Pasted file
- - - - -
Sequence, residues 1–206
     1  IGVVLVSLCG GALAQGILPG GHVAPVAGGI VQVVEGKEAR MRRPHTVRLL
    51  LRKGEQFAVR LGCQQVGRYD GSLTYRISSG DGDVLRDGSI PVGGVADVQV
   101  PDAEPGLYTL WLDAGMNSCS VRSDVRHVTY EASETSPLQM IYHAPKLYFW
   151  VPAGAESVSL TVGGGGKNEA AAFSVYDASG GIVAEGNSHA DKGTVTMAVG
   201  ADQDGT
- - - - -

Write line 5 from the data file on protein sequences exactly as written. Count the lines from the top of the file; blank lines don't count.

   151  VPAGAESVSL TVGGGGKNEA AAFSVYDASG GIVAEGNSHA DKGTVTMAVG